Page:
There have always been jobs that come and go, but it seems like the pace of job and industry turnover is only getting faster. What do you do when your career is not only changing, but your company or industry is going away? Here are three ideas when you are leading a radical job change.
What do you do when your industry is going away? You don’t see many bayonets and horse-drawn buggies in every day life, nor are people searching the yellow pages or calling a telephone operator for a phone number. When your industry is fading away the most important thing is to find transferable skills or learn new ones. Telephone operators can multitask and research information in seconds, skills needed in help desks around the world. The yellow pages are (were) all about advertising, so emphasize your ability to sell, sell, sell. (If you aren’t sure which skills will sell, check out LinkedIn Learnings’ #FutureSkills for some ideas).
Maybe you didn’t get a golden parachute when your job ended and you need to find a survival job. A survival job is one where you absolutely need to find work right away to pay the bills. Look for an industry or company you most desire. Maybe retailing at a ski shop isn’t your dream job, but you can learn about tourism and create a new network while you are earning money. Perhaps being a part-time bank teller was not high on your list when you graduated from college, but the financial industry is booming and not a bad place to land with a possibility for advancement.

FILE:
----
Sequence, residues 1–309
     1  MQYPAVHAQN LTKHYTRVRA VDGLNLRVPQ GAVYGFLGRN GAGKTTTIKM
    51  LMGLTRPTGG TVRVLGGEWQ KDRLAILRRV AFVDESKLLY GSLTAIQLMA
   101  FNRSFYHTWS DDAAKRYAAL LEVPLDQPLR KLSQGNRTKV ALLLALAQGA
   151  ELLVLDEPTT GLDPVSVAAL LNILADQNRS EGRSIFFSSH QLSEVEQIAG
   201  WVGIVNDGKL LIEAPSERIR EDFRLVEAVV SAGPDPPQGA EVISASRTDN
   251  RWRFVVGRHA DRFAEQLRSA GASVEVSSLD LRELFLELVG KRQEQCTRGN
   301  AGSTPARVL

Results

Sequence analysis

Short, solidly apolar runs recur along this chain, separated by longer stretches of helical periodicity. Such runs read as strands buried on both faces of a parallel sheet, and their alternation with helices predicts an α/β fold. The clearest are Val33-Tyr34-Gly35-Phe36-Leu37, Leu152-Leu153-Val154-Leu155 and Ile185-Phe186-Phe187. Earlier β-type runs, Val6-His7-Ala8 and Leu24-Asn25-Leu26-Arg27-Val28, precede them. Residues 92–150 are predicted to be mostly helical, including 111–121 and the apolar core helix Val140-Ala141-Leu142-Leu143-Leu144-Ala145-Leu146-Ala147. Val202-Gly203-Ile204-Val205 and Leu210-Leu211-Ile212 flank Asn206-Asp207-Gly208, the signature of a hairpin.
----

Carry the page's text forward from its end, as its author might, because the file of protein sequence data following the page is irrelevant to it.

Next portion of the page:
Is your industry flooded with other highly-skilled workers? If your industry is flooded with talent you have to make a choice. First, you can keep looking, amp up your resume, and networking skills. Or you can politely bow out and find something else (see “what to do when your industry is going away” for this one). A third choice is specializing like crazy. I love the idea of specializing. A friend of mine was a career coach and barely making ends meet, even though he was one of the best I ever met. One day he joked around with a potential client and said, “I only coach senior executives who mountain bike.” The client was thrilled because he did mountain bike and signed the contract that day. A week later, another mountain biking executive found my friend, and the mountain-biking-career coach’s workload began rolling in.
Perhaps the most important skill you can develop when you are changing careers is to not dwell in the past, wishing things would have turned out differently. In your last job may have had an incredible title, run an entire division, or had the biggest client in the firm, but things change. As Henry Ford (the killer of so many of those long-lost horse-drawn buggies) says, “Don’t find fault, find a remedy.” Move forward with solutions.